That every government in the world is currently embarked on the same journey, implies that the destination will be reached sooner, rather than later.

Barry Ritholtz likes this from Stiglitz,

Economics Nobel laureate and Columbia University professor Joseph E. Stiglitz has what very well be the best year end piece I have seen to date;

“The best that can be said for 2009 is that it could have been worse, that we pulled back from the precipice on which we seemed to be perched in late 2008, and that 2010 will almost surely be better for most countries around the world. The world has also learned some valuable lessons, though at great cost both to current and future prosperity – costs that were unnecessarily high given that we should already have learned them.”

What were those 6 “harsh” lessons?

I don’t really care for them at all.

1. Markets are not self-correcting, and without adequate regulation, they are prone to excess.

Incorrect. First he does not distinguish between a free market and a non-free market. A free market will self-correct, a hampered market will not. Our market is most definitely not free.

2. There are many reasons for market failures. Too-big-to-fail financial institutions had perverse incentives: Privatized gains, socialized losses. .

Stiglitz, immediately contradicts his previous statement, and describes some of the ways in which the markets have been hampered.

3. When information is imperfect, markets often do not work well – and information imperfections are central in finance.

Basically just nonsense. Essentially he is claiming that everyone can, or should know everything, all-the-time. Not a realistic proposition.

4. Keynesian policies do work. Countries, like Australia, that implemented large, well-designed stimulus programs early emerged from the crisis faster

Quite unbelievable. That an economist still is that stupid. Stimulus being inflation. Since when is expropriation by government, of the taxpayer, a successful policy response.

5. There is more to monetary policy than just fighting inflation. Excessive focus on inflation meant that some central banks ignored what was happening to their financial markets. The costs of mild inflation are miniscule compared to the costs imposed on economies when central banks allow asset bubbles to grow unchecked.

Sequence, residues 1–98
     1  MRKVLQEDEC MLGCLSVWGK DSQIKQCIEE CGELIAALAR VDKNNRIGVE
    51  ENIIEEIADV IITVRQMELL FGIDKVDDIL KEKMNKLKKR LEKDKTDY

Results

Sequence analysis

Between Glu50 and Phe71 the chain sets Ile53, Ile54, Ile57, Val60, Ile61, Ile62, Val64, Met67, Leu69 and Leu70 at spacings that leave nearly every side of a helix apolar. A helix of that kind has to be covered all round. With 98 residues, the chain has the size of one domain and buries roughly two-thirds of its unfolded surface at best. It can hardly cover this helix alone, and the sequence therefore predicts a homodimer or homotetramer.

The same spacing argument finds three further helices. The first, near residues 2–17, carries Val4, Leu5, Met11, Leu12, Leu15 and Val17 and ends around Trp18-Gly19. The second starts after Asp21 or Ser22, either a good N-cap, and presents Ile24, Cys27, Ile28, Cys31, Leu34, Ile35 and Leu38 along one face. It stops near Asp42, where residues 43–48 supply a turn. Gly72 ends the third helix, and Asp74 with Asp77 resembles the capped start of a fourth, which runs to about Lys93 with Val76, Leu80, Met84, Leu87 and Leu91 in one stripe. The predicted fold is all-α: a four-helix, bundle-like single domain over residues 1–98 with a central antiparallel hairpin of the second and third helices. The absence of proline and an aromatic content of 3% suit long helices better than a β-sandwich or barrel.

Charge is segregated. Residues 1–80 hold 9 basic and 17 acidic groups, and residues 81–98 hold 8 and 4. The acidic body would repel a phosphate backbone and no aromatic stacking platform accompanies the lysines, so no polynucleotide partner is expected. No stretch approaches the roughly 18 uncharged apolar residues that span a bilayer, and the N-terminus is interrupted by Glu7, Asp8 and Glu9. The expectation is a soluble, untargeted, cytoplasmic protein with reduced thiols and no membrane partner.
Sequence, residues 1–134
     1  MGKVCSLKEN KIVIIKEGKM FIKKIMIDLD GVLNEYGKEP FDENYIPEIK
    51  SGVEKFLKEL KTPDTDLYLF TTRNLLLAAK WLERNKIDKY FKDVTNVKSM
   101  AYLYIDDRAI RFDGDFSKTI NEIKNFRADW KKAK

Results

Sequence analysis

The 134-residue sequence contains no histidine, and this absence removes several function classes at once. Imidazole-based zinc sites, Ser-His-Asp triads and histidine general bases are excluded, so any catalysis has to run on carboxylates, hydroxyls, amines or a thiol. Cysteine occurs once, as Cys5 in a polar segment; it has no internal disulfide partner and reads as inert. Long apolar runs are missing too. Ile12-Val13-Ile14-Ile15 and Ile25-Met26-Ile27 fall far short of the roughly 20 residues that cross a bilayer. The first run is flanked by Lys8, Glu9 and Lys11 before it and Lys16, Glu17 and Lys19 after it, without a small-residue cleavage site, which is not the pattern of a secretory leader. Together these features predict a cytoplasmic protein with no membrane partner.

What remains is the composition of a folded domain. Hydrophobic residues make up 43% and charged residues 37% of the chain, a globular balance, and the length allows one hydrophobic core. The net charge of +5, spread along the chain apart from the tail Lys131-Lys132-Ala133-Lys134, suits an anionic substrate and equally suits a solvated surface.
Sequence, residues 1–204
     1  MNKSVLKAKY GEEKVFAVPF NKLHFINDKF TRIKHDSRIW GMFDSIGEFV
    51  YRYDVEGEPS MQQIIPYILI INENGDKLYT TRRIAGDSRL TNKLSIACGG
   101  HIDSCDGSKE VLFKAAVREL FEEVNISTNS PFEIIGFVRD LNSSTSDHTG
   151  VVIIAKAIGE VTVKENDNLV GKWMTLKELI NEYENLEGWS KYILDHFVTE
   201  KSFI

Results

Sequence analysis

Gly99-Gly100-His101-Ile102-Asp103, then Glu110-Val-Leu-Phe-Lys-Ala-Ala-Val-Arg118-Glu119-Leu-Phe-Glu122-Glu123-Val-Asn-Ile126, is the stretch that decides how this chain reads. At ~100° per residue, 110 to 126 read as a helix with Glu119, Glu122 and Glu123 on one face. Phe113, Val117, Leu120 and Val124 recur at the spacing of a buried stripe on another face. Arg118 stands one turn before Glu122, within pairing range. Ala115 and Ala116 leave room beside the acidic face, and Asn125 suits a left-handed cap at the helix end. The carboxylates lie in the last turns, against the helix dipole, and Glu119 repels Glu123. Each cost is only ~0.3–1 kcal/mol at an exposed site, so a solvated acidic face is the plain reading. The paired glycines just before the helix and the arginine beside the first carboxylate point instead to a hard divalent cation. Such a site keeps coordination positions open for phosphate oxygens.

What exactly is an asset bubble? Is it perchance an expansion of credit? Is that not an inflation? Does that not mean you are trying to solve the original problem, by reinstigating the same problem?

6. Not all innovation leads to a more efficient and productive economy – let alone a better society. Private incentives matter, and if they are not properly aligned, the result can be excessive risk taking, excessively shortsighted behavior, and distorted innovation.

Total dribble. What he is actually talking about, but doesn’t clearly state, is financial innovation. MBS, CDO, etc. This is all smoke on the water. Fractional Reserve lending of demand deposits, creating fiat currency massivly in excess of real capital is the culprit. The banks, legally licensed to steal, by the government, is the real reason.

In summary, either Stiglitz is simply a liar, and is shilling for the government, or or he is an imbecile, which is not quite clear, he is though, one or the other.

The market is still in a short-term [bounce] uptrend, but the angle of ascent is still flattening. This bodes ill and could be the resumption of the secular bear market from 2000. Of course during the Christmas to New Year period, volume is significantly absent, thus, it could mean nothing at all. The charts might though, just be sending a subtle warning that it’s time to leave. Taking profits now, still leaves a very definite re-entry point [support level] should the market break out to the upside.

The fundamentals however are also starting to paint the same picture with the government needing to float $2.55 Trillon in Treasury paper this coming year, Option ARM resets tied to LIBOR rates, government support in the MBS market drawing to a close, Unemployment benefits still increasing, the entire world inflating and the list just goes on.

flippe-floppe’s recent excursion into GMCR and subsequent exit highlighted the element of luck in the stockmarket. Green Mountain Coffee has horrible fundamentals as detailed in a number of posts, yet, it is of late, definitely one of the hot-stocks. At some point, Green Mountain Coffee will be an excellent short-sale. The intrinsic value for this stock is circa $8.50/share

CROX another past fad stock highlights the difficulties in trading these pocket rockets.